Quiet discipline


Quiet discipline

“He studied a lot, he practised a lot, he taught a lot, our compassionate Guru Sri T Krishnamacharya”

~Srivatsa Ramaswami

Sri Krishnamacharya during his lifetime lived relatively modestly. A householder he maintained a very simple home where he slept, cooked his own meals and taught his students day in and out. So intense was his devotion to health, to spirit, to the practice and to the well being of those students who graced his door and stayed the course. Ramaswami says that in all the 33 years of studying with the professor not once did he cancel a session due to illness. His was a quiet and steady discipline that has since inspired thousands across the globe to take up the path of yoga for life.

His is a good example to return to when we consider our own discipline. Given the modern day obsession with success and achievement that word may leave a bitter taste in our mouths. That’s understandable. However, in the shastras it is repeatedly indicated as a key component for practice (abhyasa) defined by Patanjali as…

  • dirgha: long
  • kala: time
  • nairantarya: without interruption
  • satkaradara: with  (enthusiastic) devotion 
  • asevito: followed
  • drdha: firmly
  • bhumih: rooted, established

“practice becomes firmly rooted when done for a long time, consistently without interruption and with enthusiasm/respect.”

dirgha kala: 

time here is a factor. It takes time to shift our patterns first from unhelpful to helpful activities towards a new way. A week of practice, while beneficial won’t do much without sustained efforts.

nairantarya: 

many of us have been practicing for a long time but consistency is lacking. We may immerse ourself in a week, a month, a day, a year or longer with spells of complacency. It’s common. The mind is crafty and can find so many reasons to drop the ball. But true yogica parinama (transformation) comes when we’ve stayed with it. When we’ve held our practice and our own peace to a higher standard the the many distractions around us. It is a common story that practitioners arrive at a certain peak of practice only to stop. Maybe it’s gross level. Let’s say your aim is to put your foot behind your head in eka pada sirsasana. When that happens a false sense of achievement arises. If we think that is all yoga has to offer we may stop there. Let’s say it’s more subtle than that. Maybe you understand that all the bahiranga are truly a support for meditation and working with the mind so you keep your practice consistent until one day you have an experience of absorption in the object of your contemplation. If you think “that’s it! that’s yoga! I’m enlightened!” then you may either stop altogether in a false sense of nirodhah or you may cease your supportive practices of yama/niyama/asana and pranayama. If we are not established in this new state though then without the support of the lower limbs rajas and tamas begin to pervade the system once more…and back down the rabbit hole we slide. Therefore when there are these markers of change that is not the time to stop, that is the time to maintain.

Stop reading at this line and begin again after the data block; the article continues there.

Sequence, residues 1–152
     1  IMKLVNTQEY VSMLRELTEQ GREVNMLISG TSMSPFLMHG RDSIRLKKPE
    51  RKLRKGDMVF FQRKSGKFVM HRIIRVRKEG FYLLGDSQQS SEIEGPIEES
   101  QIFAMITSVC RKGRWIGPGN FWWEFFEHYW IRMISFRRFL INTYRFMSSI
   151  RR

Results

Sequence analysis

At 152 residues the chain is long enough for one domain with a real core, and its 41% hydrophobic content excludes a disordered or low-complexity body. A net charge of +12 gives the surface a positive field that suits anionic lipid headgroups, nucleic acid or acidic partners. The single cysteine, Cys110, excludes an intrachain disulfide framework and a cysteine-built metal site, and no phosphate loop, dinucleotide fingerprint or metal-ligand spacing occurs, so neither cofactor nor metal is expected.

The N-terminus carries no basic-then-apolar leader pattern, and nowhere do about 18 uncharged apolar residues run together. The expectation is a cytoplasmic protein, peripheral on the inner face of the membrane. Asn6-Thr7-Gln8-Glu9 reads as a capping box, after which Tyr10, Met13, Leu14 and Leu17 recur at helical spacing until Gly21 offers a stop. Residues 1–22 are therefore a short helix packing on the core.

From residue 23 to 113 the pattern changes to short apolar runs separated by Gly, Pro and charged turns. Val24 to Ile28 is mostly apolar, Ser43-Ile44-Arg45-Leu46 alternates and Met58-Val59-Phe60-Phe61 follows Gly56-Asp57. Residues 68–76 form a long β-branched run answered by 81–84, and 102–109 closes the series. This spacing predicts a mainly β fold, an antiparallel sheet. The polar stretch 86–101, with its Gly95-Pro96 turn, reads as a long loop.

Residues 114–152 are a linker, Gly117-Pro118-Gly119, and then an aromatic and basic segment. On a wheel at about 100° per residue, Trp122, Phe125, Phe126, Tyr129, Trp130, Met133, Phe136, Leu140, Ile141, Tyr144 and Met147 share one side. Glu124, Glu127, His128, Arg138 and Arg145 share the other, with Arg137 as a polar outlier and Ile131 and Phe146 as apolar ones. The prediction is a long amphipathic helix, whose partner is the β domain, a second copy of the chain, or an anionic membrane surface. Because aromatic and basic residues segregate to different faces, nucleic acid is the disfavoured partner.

satkaradara

finally devotion must be there. Without enthusiastic devotion then we aren’t fully invested. Remember that this practice puts us in contact with something beyond our created identity. Devotion to that higher principle helps breed consistency. Beginning each new day with prayer is the encouragement of many great teachers and hence each practice begins with an invocation. That devotion puts the mind in a receptive space.

Each asana reveals something new every day. Pranayama unfolds with each aspect of the breath. The mind settles and shifts. Each text is not to be studied for some passing grade but rather to return to over and over as a reference point of what we are discovering within. Stay enthusiastic and devoted to your development. 

So this precise recipe of time, consistency and devotion is the way to become fully rooted in yoga abhyasa. 


But why the difficulty with consistency?


1. Maybe the noise is overwhelming.